According to an article in today’s Wall Street Journal, sexual harassment cases plague the United Nations. As the WSJ reported, “many U.N. workers who have made or faced accusations of sexual harassment say the current system for handling complaints is arbitrary, unfair and mired in bureaucracy.” GAP’s blog covered this issue in February (see here and here).
According to the WSJ article, the new UN internal justice system, which is set to launch on July 1, will seek to “create a more independent and professional system for resolving disputes, including sexual-harassment claims.” Although the new justice system will be an improvement over the current one, it unfortunately still falls short of both the recommendations made by a panel of independent experts and international human and labor rights standards.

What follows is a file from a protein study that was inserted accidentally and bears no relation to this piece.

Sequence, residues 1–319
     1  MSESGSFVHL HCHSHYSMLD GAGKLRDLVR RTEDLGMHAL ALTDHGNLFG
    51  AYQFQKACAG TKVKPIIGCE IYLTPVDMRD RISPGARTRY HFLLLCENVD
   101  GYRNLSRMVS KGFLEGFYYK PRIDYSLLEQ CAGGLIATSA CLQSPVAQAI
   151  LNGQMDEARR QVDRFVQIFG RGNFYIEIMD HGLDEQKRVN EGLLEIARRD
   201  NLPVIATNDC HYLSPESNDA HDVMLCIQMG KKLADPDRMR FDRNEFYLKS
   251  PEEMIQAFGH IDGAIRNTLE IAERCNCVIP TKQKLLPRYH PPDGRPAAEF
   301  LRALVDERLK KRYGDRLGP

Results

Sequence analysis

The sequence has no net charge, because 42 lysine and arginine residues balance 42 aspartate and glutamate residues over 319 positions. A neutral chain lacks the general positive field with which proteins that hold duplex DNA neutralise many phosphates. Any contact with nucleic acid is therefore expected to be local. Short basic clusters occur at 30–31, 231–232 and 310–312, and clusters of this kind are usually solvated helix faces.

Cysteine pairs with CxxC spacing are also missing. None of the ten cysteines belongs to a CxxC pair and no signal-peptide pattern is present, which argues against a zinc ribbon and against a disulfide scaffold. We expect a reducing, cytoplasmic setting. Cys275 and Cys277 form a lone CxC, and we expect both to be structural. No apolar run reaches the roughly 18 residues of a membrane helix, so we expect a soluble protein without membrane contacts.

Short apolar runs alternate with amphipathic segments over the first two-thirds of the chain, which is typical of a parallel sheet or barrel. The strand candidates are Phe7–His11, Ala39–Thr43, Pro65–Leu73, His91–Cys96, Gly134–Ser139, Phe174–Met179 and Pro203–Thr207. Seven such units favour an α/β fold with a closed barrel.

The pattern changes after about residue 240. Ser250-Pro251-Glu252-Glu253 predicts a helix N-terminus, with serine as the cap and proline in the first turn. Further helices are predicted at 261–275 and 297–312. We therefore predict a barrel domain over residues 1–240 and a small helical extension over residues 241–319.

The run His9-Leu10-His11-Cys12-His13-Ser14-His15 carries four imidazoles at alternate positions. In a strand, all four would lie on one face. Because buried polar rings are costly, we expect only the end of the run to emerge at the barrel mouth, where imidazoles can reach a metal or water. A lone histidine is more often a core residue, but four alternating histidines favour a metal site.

It should be noted that employees at intergovernmental organizations (IGOs) like the United Nations are starting to challenge the immunities of these institutions in national courts (the Brzak case mentioned in the WSJ article is just one of several examples). If an IGO does not offer aggrieved individuals independent, third party dispute resolution, waiver of sovereign immunity is unavoidable to overcome the inherent, structural conflict of interest that occurs when an organization is both the defendant and the judge.
-- Shelley Walden